I think I now understand I misread the article. It does not claim restriction on ALL external storage. Only on media in the build-in microSD reader. Which none of my devices have. So I can not claim how Nexus Media Importer works with it.

    Anyone can report a file manager writing into an arbitrary directory on a build-in microSD device?
    Reply
  • takur - Thursday, March 13, 2014 - link

    The "Security" reason is not at all valid. If the reason is that some other apps may access another app's data then I guess the better solution is for an app to encrypt its own data. Reply
  • StormyParis - Thursday, March 13, 2014 - link

    I'm unclear about what happens when I connect to my phone via USB, in MTP or storage device mode. What parts of the SD can I still read or wrtie to from Windows Explorer once the phone is mounted ?
    Also, what happens if I take the SD out and directly put it into my PC's SD reader ?
    Reply
  • Gigaplex - Thursday, March 13, 2014 - link

    Nothing stops you from accessing the data if you put the card in an SD reader. This is an OS-level restriction that stops malicious Android apps from accessing data it shouldn't. It doesn't stop malicious physical access attempts. Reply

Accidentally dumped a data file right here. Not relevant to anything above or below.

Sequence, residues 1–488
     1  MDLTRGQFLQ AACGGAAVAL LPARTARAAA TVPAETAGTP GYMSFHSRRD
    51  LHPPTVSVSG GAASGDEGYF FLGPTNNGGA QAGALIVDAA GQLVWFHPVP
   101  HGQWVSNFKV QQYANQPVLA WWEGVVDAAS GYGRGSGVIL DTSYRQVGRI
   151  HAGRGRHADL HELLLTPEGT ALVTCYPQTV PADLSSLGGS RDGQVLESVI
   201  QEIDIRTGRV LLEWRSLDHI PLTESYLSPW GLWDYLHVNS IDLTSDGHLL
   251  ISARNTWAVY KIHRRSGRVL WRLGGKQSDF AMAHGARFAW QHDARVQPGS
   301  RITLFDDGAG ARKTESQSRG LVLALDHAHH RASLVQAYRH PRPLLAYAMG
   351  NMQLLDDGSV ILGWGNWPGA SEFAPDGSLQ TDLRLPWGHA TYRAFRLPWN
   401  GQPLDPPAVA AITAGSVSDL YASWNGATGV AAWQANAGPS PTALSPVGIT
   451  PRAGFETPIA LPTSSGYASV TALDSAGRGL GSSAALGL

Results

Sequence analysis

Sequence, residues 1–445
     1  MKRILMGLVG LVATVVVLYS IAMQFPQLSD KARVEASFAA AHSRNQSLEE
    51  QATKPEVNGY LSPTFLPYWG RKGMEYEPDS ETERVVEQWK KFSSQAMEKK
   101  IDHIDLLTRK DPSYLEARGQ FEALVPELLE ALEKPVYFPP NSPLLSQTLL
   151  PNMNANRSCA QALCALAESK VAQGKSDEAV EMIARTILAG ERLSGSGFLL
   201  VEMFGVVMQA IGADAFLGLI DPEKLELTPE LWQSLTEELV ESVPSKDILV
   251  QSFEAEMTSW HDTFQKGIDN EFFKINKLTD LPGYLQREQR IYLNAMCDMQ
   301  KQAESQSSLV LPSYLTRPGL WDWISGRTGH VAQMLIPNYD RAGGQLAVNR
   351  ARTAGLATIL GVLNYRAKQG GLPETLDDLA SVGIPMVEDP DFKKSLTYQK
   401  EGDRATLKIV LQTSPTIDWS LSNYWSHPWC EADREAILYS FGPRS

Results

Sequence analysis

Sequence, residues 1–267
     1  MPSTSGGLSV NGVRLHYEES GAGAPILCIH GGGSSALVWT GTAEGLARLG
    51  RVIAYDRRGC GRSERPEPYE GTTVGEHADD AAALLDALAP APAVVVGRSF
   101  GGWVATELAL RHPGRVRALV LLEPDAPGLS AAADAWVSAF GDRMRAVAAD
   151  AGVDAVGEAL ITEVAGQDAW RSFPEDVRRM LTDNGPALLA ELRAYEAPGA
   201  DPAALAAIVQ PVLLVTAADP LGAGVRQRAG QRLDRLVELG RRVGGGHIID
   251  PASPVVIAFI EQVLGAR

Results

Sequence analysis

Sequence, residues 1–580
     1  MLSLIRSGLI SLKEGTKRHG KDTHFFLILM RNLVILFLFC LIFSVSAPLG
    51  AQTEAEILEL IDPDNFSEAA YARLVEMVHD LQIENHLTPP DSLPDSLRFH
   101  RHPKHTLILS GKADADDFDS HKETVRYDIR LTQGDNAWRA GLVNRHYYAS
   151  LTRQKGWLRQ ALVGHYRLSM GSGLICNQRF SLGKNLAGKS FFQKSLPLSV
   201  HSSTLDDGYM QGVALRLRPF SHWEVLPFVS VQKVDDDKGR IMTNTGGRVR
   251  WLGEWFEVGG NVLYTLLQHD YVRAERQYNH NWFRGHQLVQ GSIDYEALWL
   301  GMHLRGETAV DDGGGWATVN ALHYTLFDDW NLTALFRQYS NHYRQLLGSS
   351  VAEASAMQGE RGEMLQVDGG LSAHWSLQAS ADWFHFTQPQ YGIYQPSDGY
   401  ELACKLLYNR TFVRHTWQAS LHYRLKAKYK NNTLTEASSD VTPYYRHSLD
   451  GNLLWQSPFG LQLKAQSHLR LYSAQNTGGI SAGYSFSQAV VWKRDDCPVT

• boredsysadmin - Friday, March 14, 2014 - link

    I have the same question here. Gigaplex below answers only the easy and obivious question, but how does this affect MTP access to SD card Reply
  • JoshHo - Friday, March 14, 2014 - link

    There's nothing stopping modification of the files through PC access. Reply
  • JoshHo - Friday, March 14, 2014 - link

    That's one part of the problem, but in the case of Whatsapp, the big problem is that there's nothing stopping an application from secretly uploading chat logs to a remote web server. If basic sandboxing actually happened between applications, this wouldn't be a problem. Reply
  • DLeRium - Friday, March 14, 2014 - link

    This same problem can exist for any SMS app uploading your text messages, or a 3rd party gallery app or file manager uploading your pictures. I'm not sure why people are targeting WhatsApp specifically. It's quite unfair because any app can potentially read a lot of things on your phone. Reply